The TFWA President then went on to hail Hainan for the domestic success it was able to achieve throughout and beyond the pandemic, stating: “In the dark days of Covid, one beacon of hope burned brightly in this region. Hainan Island, the centrepiece of China’s ambitious offshore duty-free sector, drew domestic travellers in their millions to shop at a glittering array of airport and downtown outlets. Brands thronged to organise innovative, striking pop-ups in one of the few parts of the world still open for duty-free shopping.

“The Chinese authorities, along with the retailers and brands present on the island, are to be congratulated for their investment, which has driven Hainan’s success. Even as international travel restarts for China’s citizens, Hainan is expected to retain its appeal with mainland passengers. Quarter one flight bookings for Sanya this year were already back at 2019 levels, according to Dragon Trail.

“Multiple new flagship brand stores and regional office openings confirm supplier belief in this market. The island’s next big challenge lies in reaching out beyond its base of loyal domestic consumers, to attract travellers from outside China.”

Juul-Mortensen then turned his attention to what could very well become the region’s next major market.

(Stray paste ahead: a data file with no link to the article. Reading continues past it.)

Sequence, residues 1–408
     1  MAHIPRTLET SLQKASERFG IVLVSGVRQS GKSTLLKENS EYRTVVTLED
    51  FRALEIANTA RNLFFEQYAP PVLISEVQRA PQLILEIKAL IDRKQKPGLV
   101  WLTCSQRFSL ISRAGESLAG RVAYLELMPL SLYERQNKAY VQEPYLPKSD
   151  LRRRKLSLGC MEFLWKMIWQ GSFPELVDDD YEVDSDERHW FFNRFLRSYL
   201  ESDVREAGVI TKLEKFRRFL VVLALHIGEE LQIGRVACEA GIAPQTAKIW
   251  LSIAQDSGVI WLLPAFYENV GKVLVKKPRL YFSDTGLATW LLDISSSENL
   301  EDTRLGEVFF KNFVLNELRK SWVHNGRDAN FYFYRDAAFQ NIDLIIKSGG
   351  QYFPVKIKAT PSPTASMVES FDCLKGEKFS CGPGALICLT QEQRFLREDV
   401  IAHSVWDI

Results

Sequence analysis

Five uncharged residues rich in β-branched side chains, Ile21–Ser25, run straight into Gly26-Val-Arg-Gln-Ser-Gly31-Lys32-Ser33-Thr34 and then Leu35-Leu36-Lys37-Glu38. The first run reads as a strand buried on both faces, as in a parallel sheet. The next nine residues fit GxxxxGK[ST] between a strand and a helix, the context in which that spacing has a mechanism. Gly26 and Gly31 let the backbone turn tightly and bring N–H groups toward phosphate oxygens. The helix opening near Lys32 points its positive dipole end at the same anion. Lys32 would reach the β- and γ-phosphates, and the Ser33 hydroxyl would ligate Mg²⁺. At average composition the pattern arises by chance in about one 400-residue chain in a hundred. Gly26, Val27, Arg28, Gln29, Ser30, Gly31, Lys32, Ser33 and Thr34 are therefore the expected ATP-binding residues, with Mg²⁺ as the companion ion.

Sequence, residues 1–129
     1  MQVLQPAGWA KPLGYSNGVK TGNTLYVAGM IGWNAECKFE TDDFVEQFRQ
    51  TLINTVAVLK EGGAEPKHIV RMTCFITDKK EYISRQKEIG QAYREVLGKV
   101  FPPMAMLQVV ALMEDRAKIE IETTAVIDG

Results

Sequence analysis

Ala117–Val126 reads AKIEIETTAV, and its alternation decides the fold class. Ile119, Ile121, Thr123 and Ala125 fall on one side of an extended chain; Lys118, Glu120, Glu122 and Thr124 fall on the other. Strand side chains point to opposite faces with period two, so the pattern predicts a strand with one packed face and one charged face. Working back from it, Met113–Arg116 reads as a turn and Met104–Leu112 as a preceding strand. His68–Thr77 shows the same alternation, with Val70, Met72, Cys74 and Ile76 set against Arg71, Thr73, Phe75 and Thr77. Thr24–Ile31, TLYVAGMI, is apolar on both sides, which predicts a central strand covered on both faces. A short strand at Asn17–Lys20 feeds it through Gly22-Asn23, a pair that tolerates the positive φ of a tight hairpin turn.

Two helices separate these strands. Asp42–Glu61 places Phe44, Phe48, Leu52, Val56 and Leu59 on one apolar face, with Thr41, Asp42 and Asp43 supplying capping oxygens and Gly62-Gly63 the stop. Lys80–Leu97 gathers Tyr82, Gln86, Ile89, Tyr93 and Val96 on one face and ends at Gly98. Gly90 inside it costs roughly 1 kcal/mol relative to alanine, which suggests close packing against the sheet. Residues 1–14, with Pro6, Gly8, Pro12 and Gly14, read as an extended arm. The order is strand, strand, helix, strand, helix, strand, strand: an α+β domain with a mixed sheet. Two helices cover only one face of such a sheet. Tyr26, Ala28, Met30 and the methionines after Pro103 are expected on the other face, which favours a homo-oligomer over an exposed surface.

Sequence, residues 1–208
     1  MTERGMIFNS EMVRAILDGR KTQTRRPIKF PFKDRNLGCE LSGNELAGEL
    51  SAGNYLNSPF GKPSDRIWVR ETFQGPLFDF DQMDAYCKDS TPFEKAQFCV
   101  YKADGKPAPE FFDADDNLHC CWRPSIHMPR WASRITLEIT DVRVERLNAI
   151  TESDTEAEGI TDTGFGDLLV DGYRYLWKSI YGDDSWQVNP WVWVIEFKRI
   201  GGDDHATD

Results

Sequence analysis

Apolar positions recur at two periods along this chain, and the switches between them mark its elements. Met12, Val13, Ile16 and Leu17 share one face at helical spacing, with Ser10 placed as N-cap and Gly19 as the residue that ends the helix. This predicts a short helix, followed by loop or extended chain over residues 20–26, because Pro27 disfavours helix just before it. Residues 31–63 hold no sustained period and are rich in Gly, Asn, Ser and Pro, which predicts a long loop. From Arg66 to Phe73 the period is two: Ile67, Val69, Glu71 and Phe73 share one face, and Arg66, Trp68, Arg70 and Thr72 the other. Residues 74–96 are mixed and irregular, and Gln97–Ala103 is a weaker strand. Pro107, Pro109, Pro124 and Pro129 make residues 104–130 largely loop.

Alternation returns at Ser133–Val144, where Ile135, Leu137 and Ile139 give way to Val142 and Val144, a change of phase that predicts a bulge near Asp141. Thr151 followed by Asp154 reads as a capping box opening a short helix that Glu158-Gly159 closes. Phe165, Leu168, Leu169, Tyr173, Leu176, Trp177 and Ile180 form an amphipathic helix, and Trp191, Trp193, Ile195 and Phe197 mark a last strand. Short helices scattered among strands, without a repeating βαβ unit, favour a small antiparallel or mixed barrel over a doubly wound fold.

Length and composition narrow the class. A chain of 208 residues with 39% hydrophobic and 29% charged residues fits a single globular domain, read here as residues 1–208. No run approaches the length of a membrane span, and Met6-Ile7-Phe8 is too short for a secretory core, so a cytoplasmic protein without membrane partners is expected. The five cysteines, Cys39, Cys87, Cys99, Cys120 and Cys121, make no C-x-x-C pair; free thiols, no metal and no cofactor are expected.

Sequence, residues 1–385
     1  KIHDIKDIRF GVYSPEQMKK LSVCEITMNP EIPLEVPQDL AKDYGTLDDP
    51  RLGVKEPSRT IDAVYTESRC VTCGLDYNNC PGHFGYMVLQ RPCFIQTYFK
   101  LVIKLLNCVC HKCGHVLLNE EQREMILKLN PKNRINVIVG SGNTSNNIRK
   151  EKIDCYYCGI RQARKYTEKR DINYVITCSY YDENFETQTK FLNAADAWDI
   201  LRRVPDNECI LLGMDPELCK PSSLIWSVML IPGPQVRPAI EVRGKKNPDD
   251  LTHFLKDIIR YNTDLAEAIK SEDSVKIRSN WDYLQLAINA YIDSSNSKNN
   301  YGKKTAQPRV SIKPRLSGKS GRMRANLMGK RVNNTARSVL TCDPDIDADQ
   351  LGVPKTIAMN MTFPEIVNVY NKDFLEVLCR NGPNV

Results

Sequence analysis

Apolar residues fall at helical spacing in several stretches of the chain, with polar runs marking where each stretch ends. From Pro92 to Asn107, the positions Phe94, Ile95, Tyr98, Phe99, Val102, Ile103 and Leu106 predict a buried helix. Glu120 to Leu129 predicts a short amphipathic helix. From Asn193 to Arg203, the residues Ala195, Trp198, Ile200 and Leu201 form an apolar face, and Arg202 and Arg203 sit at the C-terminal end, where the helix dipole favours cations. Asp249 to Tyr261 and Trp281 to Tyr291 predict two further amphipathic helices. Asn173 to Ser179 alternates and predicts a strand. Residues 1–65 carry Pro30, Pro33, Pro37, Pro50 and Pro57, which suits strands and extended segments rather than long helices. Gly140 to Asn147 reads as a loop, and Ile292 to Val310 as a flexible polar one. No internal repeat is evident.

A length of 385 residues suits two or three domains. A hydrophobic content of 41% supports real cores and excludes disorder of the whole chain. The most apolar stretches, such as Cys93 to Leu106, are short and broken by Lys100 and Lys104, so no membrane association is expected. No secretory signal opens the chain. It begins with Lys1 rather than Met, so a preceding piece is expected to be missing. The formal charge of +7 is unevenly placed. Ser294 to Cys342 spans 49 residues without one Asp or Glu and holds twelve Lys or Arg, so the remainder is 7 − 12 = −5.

“Any discussion of Asia Pacific duty free and travel retail naturally focuses on major markets like China, Korea and Japan. But we shouldn’t overlook growing forces in the region – countries like India.

“Last month, India overtook China as the world’s most populous country, based on data from The Economist. India has a young population that’s expanding fast, and the State Bank of India predicts the economy will be the world’s third largest by 2029.

“The Airports Authority of India lists 144 airports in use, 29 of them international. Press reports mention plans to add a further 50 airports and heliports during the 2023-24 tax year. A rising middle class, combined with a strong duty-free purchasing reflex, bode well for the future. Delhi Duty Free and Mumbai Travel Retail, operating at the country’s two busiest airports, achieved record monthly sales in November and December respectively. Large infrastructure developments are underway at Bengaluru and Hyderabad International Airports, too. India is evidently a major duty free and travel retail market in the making.”

The optimism surrounding the region’s duty free and travel retail industry is warranted

The TFWA President rounded off his address by stressing the multiple reasons the industry has to be confident going forward. “To conclude, we have every reason to be optimistic about the current state and outlook for our industry in Asia Pacific.

“Traveller numbers are rising, the region’s retailers are ambitious to expand, Hainan will continue to prosper, and potential powerhouses like India are coming to the fore. It may take a year or two, but I’m sure the region will regain its position as the global leader in sales to travellers, and we at TFWA are determined to play our part in the renaissance of Asia Pacific duty free and travel retail.”